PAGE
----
Before going global, it is critical to understand what the full impact on your business will be.  Due diligence is critical.  Think about the impact of the new venture on your whole business.  If you suddenly get an increase in sales can your manufacturing processes cope? Do you have an internationally focused sales team? Will you need to change your office hours to accommodate new time zones? How will you deliver customer service across borders?

Planning tips

  • Prepare a market segmentation analysis to determine if your product will sell in the local market.
  • Prepare a product gap analysis against local products. Is there a demand that is not satisfied by a local company?
  • Your product will likely be higher priced than local products. Will the market buy your product
  • Consider market opportunity/sizing. How big is the market and how long will it take you to capture your targeted sales?

Each market has its own nuances due to economic, cultural, governmental, and market conditions.  Before you begin working in a new market create a business plan.  The business plan should integrate with your existing business plan and outline the impacts and how you intend to mitigate against any threats.

One of the major factors to consider is your team.  Who is going to run the new business venture for you? How will they work with your existing team? What skill sets do you need? Do you need to recruit locally? How will you do this?

During your research you should have analyzed your products fit for the market.  Now’s the time to make any necessary adjustments. Be sure to review government and industry-specific regulations to ensure that your product or service is compliant.  You may need to obtain country specific certifications. Pay close attention to the translation of the name of your product in the local language. Do you need to make adjustments to your branding and packaging? Consider a local logistics and distribution network. Who will sell your product and how will it get to them?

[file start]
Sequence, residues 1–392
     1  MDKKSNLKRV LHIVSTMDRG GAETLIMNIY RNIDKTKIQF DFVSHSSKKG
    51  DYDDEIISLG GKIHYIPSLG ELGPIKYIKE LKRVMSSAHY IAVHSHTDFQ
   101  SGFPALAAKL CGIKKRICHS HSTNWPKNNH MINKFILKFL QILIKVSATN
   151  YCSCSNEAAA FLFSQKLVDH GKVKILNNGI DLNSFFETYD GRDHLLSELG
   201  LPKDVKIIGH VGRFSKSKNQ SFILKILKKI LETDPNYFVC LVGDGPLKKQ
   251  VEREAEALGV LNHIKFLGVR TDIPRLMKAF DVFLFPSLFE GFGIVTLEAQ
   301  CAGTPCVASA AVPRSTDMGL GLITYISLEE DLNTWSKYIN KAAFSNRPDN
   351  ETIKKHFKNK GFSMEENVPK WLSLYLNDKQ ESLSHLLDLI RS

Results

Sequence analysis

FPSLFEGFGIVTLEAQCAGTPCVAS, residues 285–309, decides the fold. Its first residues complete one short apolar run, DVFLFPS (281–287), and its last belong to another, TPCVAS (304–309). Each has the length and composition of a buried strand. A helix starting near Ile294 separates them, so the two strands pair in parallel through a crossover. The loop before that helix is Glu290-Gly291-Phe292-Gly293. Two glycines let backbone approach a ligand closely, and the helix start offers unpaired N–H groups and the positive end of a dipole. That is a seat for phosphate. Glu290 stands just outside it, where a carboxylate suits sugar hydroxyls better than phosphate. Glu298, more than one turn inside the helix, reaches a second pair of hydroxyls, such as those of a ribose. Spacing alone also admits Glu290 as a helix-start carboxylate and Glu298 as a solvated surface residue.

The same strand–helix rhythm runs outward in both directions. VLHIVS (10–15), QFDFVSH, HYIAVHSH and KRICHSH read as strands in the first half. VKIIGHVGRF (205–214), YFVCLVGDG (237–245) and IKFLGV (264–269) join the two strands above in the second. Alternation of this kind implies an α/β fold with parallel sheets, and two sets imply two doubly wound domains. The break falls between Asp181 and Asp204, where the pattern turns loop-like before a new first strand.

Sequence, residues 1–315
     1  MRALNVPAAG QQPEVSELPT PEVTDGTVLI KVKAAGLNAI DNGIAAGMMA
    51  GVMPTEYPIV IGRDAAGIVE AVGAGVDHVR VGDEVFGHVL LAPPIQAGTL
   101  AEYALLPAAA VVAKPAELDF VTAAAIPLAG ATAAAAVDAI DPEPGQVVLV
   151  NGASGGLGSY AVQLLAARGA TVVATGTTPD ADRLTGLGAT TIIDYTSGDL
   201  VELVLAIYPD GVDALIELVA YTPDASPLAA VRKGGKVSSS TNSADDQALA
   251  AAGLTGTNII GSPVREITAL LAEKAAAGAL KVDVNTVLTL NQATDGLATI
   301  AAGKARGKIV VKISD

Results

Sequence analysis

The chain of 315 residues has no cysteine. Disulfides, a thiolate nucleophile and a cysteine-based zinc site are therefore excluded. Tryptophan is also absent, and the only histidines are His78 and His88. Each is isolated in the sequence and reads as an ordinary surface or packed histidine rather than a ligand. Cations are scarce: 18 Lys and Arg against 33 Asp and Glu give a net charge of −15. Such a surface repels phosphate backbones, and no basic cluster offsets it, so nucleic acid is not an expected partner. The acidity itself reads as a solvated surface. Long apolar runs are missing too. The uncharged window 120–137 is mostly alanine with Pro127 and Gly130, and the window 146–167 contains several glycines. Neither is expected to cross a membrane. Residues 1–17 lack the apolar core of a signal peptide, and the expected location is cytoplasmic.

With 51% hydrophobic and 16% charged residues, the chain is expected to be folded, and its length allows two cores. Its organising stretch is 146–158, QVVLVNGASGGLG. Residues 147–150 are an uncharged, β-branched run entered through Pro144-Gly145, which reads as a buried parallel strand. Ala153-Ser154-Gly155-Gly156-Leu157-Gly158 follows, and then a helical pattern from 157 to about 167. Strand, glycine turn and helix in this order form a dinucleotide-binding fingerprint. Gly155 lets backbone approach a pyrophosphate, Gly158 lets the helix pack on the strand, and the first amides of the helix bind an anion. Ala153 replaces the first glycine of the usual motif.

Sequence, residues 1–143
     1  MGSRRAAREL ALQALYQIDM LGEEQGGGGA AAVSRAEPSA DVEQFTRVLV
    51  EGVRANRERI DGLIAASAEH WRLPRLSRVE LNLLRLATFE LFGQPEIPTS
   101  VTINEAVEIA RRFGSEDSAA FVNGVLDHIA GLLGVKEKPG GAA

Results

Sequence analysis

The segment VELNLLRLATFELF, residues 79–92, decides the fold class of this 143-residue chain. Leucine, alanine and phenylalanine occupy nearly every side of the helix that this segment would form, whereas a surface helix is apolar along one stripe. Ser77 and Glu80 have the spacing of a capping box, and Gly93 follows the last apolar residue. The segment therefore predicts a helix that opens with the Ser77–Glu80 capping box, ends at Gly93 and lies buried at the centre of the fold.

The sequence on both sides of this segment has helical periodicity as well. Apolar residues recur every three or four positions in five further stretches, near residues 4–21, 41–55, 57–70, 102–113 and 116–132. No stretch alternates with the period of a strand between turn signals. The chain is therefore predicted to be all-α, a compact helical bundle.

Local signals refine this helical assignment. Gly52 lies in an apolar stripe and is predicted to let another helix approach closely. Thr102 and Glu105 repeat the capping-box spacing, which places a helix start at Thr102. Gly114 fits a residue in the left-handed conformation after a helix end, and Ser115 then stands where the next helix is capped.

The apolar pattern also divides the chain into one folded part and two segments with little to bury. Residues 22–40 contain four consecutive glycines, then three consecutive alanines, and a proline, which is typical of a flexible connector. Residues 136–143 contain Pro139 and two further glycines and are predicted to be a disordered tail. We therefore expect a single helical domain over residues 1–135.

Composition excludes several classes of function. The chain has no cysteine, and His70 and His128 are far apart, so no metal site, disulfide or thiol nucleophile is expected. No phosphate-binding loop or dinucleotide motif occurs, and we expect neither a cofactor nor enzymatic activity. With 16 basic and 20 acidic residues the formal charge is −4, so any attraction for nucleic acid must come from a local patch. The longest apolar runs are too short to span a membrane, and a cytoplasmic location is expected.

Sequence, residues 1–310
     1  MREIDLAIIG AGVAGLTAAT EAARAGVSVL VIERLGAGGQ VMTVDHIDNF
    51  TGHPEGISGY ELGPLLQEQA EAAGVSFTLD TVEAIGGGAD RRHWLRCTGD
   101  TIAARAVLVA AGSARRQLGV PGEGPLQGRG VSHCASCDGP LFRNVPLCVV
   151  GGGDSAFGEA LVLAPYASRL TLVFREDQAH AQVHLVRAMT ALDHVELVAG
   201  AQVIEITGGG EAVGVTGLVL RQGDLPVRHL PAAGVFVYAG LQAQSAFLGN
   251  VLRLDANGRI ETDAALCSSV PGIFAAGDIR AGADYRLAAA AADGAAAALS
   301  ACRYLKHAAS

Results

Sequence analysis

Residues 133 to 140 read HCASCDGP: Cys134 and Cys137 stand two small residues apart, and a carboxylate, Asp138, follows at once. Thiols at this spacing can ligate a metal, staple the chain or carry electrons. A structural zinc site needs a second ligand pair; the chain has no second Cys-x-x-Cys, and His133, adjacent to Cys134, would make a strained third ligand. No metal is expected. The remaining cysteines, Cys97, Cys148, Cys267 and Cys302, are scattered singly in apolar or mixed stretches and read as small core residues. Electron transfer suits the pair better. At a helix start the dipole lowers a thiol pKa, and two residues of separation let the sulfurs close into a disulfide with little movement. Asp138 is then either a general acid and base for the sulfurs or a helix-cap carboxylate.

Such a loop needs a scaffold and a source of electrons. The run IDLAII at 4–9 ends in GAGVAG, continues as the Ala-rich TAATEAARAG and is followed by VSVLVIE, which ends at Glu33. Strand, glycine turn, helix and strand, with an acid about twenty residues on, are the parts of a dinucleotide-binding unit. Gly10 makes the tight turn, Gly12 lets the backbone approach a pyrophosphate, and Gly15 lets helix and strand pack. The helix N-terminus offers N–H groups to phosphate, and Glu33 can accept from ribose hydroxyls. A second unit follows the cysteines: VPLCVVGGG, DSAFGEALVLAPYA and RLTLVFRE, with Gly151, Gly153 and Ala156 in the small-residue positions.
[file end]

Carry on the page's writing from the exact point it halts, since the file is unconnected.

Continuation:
Next you need to determine how you will sell your product or service in the new market.  What’s the optimum sales model? What’s the best marketing channel? Do you need an Omni channel approach?

As part of your country business plan you should also develop a finance strategy and predict your profit and loss.  Develop key performance indicators, which can be owned by your local team.  Also develop KPIs for your existing team to encourage the two to work together and support one another. 

Expanding your business overseas is not for the fainthearted, but for most businesses it offers far greater opportunities for growth than limiting yourself to your domestic market. With the right strategy “going global” can produce great results.

For more information about how Routes and Branches Limited can help your business go global please contact Jennifer Jennifer@routesandbranches.com.